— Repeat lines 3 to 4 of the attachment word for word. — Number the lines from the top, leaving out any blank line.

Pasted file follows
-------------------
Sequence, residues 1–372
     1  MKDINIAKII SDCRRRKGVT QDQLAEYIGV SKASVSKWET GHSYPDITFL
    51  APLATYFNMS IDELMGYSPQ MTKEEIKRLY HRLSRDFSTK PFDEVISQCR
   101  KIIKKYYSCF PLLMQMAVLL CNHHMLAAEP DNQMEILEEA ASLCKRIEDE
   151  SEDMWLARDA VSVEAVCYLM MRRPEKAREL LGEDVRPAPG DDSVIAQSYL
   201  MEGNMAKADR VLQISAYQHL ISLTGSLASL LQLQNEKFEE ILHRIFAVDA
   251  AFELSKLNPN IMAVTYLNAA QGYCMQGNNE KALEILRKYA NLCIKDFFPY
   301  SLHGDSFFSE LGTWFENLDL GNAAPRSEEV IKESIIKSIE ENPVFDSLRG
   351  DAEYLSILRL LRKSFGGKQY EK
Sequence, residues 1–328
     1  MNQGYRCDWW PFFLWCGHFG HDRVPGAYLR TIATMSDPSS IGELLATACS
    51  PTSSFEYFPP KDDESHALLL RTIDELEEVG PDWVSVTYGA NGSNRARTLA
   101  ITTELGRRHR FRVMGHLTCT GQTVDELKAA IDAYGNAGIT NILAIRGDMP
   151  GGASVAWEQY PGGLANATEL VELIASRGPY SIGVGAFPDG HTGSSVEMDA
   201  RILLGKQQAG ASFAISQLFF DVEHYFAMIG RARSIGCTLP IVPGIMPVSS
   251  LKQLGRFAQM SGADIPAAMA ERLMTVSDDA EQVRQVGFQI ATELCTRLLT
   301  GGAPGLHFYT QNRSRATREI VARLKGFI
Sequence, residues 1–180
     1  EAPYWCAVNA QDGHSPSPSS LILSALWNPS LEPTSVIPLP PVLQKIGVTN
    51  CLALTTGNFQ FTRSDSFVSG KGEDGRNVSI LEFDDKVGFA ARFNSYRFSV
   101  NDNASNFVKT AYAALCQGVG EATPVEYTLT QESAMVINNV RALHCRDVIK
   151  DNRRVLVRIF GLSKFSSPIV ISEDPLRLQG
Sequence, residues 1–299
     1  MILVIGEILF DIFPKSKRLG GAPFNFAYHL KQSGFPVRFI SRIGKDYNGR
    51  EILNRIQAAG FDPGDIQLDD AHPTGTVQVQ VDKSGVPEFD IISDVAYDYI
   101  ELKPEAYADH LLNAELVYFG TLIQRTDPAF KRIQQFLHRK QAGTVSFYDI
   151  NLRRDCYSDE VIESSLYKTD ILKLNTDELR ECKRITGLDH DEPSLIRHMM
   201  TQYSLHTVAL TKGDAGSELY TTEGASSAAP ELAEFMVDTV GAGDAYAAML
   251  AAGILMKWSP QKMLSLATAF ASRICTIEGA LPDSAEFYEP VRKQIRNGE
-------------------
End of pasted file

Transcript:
    51  APLATYFNMS IDELMGYSPQ MTKEEIKRLY HRLSRDFSTK PFDEVISQCR
   101  KIIKKYYSCF PLLMQMAVLL CNHHMLAAEP DNQMEILEEA ASLCKRIEDE